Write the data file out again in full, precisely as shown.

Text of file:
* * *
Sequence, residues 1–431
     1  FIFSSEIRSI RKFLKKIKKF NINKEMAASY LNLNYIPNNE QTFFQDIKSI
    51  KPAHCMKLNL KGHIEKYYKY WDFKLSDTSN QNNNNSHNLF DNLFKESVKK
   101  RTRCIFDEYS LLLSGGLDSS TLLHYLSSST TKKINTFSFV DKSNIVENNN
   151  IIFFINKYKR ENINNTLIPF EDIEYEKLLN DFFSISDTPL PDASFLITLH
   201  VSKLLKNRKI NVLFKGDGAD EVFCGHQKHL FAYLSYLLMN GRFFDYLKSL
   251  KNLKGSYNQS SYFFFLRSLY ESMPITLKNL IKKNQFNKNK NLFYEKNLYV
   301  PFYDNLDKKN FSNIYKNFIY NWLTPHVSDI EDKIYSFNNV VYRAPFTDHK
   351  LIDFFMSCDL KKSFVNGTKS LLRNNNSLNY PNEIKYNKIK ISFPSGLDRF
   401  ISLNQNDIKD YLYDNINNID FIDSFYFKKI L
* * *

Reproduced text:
Sequence, residues 1–431
     1  FIFSSEIRSI RKFLKKIKKF NINKEMAASY LNLNYIPNNE QTFFQDIKSI
    51  KPAHCMKLNL KGHIEKYYKY WDFKLSDTSN QNNNNSHNLF DNLFKESVKK
   101  RTRCIFDEYS LLLSGGLDSS TLLHYLSSST TKKINTFSFV DKSNIVENNN
   151  IIFFINKYKR ENINNTLIPF EDIEYEKLLN DFFSISDTPL PDASFLITLH
   201  VSKLLKNRKI NVLFKGDGAD EVFCGHQKHL FAYLSYLLMN GRFFDYLKSL
   251  KNLKGSYNQS SYFFFLRSLY ESMPITLKNL IKKNQFNKNK NLFYEKNLYV
   301  PFYDNLDKKN FSNIYKNFIY NWLTPHVSDI EDKIYSFNNV VYRAPFTDHK
   351  LIDFFMSCDL KKSFVNGTKS LLRNNNSLNY PNEIKYNKIK ISFPSGLDRF
   401  ISLNQNDIKD YLYDNINNID FIDSFYFKKI L